This week's workshop: Sergio Palleroni on Public Interest Design

By November 6, 2013 Blog, Featured, NewsBites

Last week students had the opportunity to learn from one of the development field’s pioneers of participatory planning, Nabeel Hamdi. This week we welcomed another heavyweight from the field, who, as a matter of fact, was a student of Hamdi during his studies at MIT. Sergio Palleroni is the cofounder of BaSiC Initiative and a fellow of the new Institute for Sustainable Solutions at Portland State University, where he is also a professor.

Palleroni has worked on housing and community development in the developing world since the 1970’s, both for not-for-profit, governmental, and international development and relief agencies such as the United Nations and the World Bank, and the governments of Chile, Colombia, Mexico, Nicaragua, India and Taiwan. He has received numerous awards, including the prestigious AIA Latrobe Prize in 2011, which awarded a study on best public interest practices that can be accessed in its entirety here.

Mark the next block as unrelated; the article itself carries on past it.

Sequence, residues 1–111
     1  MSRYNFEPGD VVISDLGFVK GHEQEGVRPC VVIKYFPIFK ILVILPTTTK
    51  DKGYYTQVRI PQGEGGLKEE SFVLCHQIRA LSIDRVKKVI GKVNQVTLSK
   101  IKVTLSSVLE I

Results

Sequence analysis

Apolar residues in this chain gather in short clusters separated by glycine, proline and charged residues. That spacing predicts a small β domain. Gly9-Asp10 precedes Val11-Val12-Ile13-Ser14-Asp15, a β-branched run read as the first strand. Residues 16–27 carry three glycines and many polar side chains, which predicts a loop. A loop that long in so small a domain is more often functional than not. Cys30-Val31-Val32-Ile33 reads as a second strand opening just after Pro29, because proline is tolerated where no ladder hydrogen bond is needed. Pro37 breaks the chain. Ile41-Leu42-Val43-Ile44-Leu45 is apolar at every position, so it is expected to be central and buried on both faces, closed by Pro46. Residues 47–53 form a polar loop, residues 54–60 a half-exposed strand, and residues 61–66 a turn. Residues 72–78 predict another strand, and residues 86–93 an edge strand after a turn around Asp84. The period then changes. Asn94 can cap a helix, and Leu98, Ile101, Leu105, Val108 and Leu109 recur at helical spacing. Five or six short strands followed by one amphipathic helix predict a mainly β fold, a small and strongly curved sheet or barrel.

This week, Sergio will be teaching our students about asset-based development, mind-mapping and other strategies and initiating them in the SEED (Social Economic Environmental Design) evaluation tool. Sergio is one of the key forces behind this new metric system, which goes beyond the empirical method of LEED’s energy efficiency assessment to evaluate the social and economic facets and impacts of buildings, neighborhoods and community projects. Designed by a team of experts, it provides guidance, evaluation, and certification on the social, economic, and environmental aspects of a given project.

Sergio has co-authored the books Studio at Large and Expanding Architecture, and was also featured on the e2 design series.

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